Patton’s Abandoned Rear

I just read a funny World War I story, which I just have to include in my European history papers.  It’s about a future American war hero, General George “Blood and Guts” Patton.  I just added it as a footnote to Chapter 14.  Here it is:

9. The United States established its first tank corps in 1917, and the first American soldier to join was an officer we’ll be hearing a lot from in the next war, then-Captain George S. Patton. Patton guessed that he would be seeing more action with the newly invented armored vehicles than he would if he stayed with the infantry. Before the year was over, Patton, now a colonel, was sent to find a good location in France for a tank training school; he decided a village named Bourg would do, because it had lots of mud to practice driving in. While there, the mayor of Bourg came to him with tears in his eyes, because he had failed to tell Patton of the American soldier who had died in Bourg. Patton quickly checked, and found that no one in his unit was dead, but the mayor insisted that he at least visit the soldier’s grave.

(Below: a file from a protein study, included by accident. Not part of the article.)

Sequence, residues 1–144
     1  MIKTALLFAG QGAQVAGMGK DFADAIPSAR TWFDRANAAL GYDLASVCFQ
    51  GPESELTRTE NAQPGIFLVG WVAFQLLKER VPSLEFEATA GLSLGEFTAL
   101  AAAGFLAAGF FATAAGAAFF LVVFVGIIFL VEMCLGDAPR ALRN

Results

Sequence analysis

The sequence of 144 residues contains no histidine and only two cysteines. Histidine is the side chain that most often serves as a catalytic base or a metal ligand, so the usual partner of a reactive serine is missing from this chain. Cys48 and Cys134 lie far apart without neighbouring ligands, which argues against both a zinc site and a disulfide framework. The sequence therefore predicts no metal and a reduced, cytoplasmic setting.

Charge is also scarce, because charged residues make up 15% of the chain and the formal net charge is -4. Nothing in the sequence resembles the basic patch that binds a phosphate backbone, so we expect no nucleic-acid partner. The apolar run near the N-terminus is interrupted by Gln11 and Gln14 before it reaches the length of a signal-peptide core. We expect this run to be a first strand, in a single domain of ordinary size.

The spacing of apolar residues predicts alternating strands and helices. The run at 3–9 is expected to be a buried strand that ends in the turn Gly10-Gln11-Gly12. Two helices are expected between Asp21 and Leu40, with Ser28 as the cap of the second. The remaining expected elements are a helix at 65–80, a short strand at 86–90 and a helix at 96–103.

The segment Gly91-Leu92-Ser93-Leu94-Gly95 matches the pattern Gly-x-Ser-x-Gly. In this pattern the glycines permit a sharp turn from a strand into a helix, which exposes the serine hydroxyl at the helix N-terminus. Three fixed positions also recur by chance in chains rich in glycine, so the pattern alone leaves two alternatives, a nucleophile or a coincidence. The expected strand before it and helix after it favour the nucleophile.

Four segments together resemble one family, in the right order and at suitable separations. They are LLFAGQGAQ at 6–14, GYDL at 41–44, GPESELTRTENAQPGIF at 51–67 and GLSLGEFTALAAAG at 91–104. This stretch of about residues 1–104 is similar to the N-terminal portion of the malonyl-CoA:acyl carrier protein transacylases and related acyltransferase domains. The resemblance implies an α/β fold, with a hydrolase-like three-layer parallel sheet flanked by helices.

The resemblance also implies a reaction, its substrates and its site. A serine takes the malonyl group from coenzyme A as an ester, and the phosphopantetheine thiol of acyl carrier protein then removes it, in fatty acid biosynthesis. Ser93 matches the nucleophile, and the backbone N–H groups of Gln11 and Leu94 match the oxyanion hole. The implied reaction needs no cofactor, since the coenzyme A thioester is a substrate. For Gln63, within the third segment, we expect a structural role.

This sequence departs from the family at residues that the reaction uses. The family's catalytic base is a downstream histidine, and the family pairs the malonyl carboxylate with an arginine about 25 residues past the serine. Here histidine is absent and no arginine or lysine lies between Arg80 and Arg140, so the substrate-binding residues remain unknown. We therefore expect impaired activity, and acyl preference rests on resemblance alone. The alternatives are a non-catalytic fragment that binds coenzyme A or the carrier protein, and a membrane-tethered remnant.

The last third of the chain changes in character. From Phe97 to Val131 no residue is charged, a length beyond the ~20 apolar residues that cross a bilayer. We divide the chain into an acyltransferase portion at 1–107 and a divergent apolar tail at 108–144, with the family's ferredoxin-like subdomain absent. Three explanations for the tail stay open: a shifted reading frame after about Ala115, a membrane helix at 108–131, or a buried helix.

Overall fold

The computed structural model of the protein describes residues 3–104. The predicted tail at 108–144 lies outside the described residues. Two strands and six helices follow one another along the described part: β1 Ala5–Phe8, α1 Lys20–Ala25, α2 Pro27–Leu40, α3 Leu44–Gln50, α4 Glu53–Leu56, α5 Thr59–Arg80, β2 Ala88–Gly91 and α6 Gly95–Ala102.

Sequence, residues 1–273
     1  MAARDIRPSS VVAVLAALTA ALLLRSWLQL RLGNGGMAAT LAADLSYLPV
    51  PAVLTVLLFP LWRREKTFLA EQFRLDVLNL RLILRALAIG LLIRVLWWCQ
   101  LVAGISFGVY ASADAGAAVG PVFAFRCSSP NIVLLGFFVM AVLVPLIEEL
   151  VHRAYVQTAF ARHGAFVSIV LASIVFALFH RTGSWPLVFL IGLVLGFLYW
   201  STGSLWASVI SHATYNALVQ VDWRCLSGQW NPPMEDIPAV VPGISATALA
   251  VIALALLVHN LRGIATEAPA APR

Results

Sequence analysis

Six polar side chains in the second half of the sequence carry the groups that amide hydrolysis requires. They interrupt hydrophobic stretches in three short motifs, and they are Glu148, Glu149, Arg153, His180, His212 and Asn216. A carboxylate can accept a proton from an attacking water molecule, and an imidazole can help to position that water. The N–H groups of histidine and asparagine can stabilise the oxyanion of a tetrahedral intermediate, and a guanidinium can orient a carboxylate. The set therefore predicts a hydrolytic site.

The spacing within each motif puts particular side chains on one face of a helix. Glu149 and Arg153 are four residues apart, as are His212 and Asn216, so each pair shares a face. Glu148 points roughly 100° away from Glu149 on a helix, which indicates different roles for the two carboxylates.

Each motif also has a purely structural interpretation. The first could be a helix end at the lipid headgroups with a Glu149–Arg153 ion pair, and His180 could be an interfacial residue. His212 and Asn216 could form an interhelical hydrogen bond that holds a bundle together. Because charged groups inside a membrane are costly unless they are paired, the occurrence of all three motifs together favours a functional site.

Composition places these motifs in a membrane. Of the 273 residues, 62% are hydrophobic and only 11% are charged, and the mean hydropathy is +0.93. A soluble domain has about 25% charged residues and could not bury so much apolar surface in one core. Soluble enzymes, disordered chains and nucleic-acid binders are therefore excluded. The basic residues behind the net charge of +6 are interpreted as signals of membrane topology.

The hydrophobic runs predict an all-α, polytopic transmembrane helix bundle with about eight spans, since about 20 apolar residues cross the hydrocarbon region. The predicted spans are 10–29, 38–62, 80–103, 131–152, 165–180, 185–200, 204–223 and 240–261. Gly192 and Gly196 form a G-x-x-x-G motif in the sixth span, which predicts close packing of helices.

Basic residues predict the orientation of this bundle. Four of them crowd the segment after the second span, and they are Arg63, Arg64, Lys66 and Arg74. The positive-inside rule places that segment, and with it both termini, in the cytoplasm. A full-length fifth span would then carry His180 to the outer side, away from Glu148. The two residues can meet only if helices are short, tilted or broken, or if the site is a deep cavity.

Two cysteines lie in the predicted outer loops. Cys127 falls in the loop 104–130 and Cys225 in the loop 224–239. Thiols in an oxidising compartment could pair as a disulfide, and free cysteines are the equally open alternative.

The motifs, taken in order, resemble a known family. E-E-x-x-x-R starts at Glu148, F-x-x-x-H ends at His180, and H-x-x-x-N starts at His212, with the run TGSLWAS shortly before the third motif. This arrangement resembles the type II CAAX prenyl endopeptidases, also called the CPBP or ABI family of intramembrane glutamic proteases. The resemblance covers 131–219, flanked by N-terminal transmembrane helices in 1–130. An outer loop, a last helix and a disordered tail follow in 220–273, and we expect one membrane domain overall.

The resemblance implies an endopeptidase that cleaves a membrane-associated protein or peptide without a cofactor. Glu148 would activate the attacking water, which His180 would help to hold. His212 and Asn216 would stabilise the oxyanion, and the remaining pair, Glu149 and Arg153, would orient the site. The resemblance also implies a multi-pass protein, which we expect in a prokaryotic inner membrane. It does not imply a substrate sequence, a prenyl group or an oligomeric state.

The mayor proceeded to take Patton to a mound of dirt with a stick posted in the ground at one end. Nailed crosswise on that stick was another piece of wood with the words “Abandoned Rear”; evidently the French had mistaken the sign for a cross. It wasn’t a grave but a recently closed latrine; the dirt and the sign had been left by the last person using it!

Patton didn’t tell the French the truth about that spot. In 1944, during World War II, General Patton returned to Bourg and was given a hero’s welcome by those who remembered the last time he was there. He relived memories by visiting his old office and living quarters, and noted that the village was still respectfully maintaining the “grave” of “Abandoned Rear.”

George S. Patton with his FT-17 tank, summer of 1918.

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